review: “fire” August 18, 2009Posted by Katie in reviews.
Tags: arc, fantasy
Fire by Kristin Cashore.
Dial // ARC // 480 pages.
Reviewed from an ARC, received through ALA Annual Conference 2009.
Fire is a girl named for the color of her hair, a half-monster, half-human…the last of her kind. Her world is one of unrest — she must always be vigilant of the monsters around her, and the political war stemming around her. But Fire has her own defense. She can manipulate minds. When the royalty of the kingdom finds out about her ability, she is called to work there as a spy. It is in the capitol that she meets King Nash, his brother Prince Brigan, and the young Princess Hanna. It is in the capitol that Fire’s life changes forever.
This is the second time that I’ve been so privileged as to read Kristin Cashore’s work from an ARC. Last year at ALA, I stood in a life and didn’t know where it led — it wound up leading to Kristin autographing the ARC of “Graceling.” I still think of it as my most treasured book from ALA 2008.
As much as I loved “Graceling,” I think I actually love “Fire” more. This was an intricate piece of writing, where you wanted to wait and savor the whole book. It took me a week to read, not because it was a difficult read or a choppy read, but because I knew from the first page that I didn’t want the story to end.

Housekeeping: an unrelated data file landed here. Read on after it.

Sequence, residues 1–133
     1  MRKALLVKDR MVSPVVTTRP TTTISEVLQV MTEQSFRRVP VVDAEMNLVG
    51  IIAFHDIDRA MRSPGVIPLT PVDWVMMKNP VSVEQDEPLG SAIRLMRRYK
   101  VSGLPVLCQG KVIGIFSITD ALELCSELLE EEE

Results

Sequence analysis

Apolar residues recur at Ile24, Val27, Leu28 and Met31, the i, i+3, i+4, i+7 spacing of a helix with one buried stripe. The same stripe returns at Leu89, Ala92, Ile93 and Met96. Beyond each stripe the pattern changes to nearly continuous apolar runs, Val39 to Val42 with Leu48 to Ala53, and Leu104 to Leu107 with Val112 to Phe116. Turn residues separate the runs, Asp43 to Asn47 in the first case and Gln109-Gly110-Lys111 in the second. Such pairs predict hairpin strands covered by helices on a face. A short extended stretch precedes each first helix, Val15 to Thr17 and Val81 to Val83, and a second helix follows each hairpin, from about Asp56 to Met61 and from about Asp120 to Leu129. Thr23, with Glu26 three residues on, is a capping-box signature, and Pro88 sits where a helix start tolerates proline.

Fire is a mature character, one who is unsure of herself and yet has a strong compass in life. Brigan and his family are real, the family connections are believable even though they are royal. And the world is beautifully painted with a strong background and sense of the monsters and extremes that Fire meets along her journey.
I will echo what School Library Journal already has — this is a novel for older teens. Younger ones will not be as patient as the relationships in the book take their time to develop. But this is a novel that older teens will devour slowly and will only want to re-read all over again. I know I did!